A Movement Without Marches: African American Women and the Politics of Poverty in Postwar Philadelphia / Edition 1

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Overview

Lisa Levenstein reframes highly charged debates over the origins of chronic African American poverty and the social policies and political struggles that led to the postwar urban crisis. A Movement Without Marches follows poor black women as they traveled from some of Philadelphia's most impoverished neighborhoods into its welfare offices, courtrooms, public housing, schools, and hospitals, laying claim to an unprecedented array of government benefits and services. With these resources came new constraints, as public officials frequently responded to women's efforts by limiting benefits and attempting to control their personal lives. Scathing public narratives about women's "dependency" and their children's "illegitimacy" placed African American women and public institutions at the center of the growing opposition to black migration and civil rights in northern U.S. cities. Countering stereotypes that have long plagued public debate, Levenstein offers a new paradigm for understanding postwar U.S. history.

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Editorial Reviews

From the Publisher
"An important contribution to our understanding of the gendered construction of African American urban poverty."—Neue Politische Literatur

"An excellent local study….The narrative of self-empowerment and persistent agency that Levenstein constructs of poor African American women defying all stereotypes in the face of crippling hurdles does not disappoint."—The Journal of African American History

"Is it possible to write about poor women as active agents without fitting them within a social movement framework? . . . Levenstein has already achieved that balance in this important work. . . . A full understanding of African American poverty must include the women Levenstein so powerfully analyzes."—American Historical Review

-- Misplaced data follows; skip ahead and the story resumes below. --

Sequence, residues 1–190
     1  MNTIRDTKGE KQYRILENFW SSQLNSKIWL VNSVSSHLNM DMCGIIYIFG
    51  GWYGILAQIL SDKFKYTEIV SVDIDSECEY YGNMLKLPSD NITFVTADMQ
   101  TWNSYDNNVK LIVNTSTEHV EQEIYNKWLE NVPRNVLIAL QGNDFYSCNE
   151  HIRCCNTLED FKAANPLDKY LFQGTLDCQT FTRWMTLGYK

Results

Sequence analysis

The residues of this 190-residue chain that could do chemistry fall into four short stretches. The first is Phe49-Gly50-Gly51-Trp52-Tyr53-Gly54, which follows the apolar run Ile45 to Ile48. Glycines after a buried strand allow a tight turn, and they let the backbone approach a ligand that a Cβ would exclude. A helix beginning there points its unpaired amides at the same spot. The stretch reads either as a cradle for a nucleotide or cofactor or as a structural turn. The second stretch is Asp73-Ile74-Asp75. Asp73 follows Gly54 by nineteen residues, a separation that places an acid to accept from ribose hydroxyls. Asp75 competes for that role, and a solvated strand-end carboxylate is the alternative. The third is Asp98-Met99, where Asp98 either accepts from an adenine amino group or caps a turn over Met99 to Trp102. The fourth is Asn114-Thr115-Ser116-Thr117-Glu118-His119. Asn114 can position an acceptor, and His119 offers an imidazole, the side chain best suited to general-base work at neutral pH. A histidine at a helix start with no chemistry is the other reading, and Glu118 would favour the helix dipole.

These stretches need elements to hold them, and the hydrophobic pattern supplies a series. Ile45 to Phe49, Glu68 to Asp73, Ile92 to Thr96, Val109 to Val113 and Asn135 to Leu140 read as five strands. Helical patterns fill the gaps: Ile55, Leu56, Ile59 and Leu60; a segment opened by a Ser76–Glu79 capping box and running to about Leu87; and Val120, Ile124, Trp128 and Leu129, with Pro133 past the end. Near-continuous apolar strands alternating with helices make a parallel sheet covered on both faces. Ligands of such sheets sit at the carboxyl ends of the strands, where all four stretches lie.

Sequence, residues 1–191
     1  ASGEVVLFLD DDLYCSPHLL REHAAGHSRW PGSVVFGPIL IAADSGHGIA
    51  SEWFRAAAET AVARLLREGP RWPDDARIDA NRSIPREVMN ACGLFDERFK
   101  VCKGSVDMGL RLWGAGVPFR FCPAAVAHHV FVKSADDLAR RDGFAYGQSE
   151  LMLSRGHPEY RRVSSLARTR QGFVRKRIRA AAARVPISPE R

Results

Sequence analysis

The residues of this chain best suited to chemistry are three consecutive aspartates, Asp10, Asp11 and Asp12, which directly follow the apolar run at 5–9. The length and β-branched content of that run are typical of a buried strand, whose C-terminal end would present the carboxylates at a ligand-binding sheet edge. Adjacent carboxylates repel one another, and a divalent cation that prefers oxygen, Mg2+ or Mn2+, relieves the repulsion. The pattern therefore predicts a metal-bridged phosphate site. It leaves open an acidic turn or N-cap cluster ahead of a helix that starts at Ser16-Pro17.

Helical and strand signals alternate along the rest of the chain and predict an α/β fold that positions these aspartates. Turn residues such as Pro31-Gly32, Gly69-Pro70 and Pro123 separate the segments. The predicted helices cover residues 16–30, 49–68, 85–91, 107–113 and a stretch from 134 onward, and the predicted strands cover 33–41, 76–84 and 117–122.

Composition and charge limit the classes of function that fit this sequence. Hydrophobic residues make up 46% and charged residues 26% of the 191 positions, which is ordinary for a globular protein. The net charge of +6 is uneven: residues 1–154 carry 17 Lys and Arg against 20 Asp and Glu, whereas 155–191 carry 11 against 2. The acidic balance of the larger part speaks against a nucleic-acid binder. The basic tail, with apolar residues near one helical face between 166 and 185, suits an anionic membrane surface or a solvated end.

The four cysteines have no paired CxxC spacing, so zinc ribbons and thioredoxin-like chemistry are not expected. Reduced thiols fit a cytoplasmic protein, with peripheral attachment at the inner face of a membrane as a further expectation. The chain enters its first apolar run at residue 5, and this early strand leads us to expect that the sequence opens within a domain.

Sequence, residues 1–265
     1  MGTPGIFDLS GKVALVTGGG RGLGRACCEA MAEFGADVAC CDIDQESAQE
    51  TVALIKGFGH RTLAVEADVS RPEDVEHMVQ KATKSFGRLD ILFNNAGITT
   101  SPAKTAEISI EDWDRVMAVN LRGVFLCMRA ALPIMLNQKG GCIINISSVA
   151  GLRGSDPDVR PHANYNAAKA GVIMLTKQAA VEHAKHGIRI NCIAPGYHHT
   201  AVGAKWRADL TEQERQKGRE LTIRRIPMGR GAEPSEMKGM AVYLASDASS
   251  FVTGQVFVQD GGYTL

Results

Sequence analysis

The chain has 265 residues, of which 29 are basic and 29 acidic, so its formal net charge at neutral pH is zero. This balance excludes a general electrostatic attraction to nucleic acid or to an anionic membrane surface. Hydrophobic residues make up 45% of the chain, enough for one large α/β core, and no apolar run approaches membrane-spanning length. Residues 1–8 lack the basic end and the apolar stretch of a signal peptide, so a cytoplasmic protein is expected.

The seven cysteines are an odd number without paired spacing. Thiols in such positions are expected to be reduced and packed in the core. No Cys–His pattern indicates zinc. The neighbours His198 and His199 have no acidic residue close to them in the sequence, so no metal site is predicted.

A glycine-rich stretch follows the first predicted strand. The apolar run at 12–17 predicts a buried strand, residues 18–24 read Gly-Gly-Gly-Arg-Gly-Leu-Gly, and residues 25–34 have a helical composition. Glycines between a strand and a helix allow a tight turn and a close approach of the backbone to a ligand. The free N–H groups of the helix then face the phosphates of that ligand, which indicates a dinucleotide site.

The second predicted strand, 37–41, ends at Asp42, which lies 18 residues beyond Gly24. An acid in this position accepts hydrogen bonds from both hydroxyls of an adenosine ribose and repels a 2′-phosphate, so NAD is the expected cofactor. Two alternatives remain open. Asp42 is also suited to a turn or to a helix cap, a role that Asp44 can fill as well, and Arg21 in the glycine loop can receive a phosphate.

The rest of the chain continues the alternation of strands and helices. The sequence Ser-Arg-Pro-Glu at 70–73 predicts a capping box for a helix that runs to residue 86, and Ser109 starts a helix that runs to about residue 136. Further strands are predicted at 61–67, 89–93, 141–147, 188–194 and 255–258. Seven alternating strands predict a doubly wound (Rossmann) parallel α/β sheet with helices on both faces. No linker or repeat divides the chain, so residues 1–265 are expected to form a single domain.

"Excellent. . . . Levenstein becomes a skilled storyteller and weaves narratives from her oral histories throughout the book to support the detailed analysis. . . . Does not disappoint."—Journal of African American History

"A path-breaking account. . . . [Levenstein's] wide-ranging study of five public institutions suggests a pervasiveness, depth, and force of this phenomenon that historians have not recognized. The field of twentieth-century U.S. politics desperately needs

"Vivid stories of individual women. . . . Each one of them offers an original and compelling interpretation of its subject. Tightly interconnected as they are, each could also stand alone as a major addition to the historiography of public institutions."-

"Challenges scholarship on black urban poverty. . . . Instructive to students of urban history, migration, race, gender, and poverty."—The Journal of American History

"Levenstein's focus on the 1950s and 1960s serves to explore the roots of political and social activism embraced by so many younger black people in the subsequent decade. . . . Highly recommended."—Choice

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Product Details

Meet the Author

Lisa Levenstein is assistant professor of history at the University of North Carolina at Greensboro.

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Table of Contents

Acknowledgments xiii

Introduction: The Multidimensionality of Poverty in a Postwar City 1

1 "Tired of Being Seconds" on ADC 31

2 Hard Choices at 1801 Vine 63

3 Housing, Not a Home 89

4 "Massive Resistance" in the Public Schools 121

5 A Hospital of Their Own 157

Conclusion 181

Appendix: Note on First-Person Sources 193

Notes 201

Bibliography 259

Index 285

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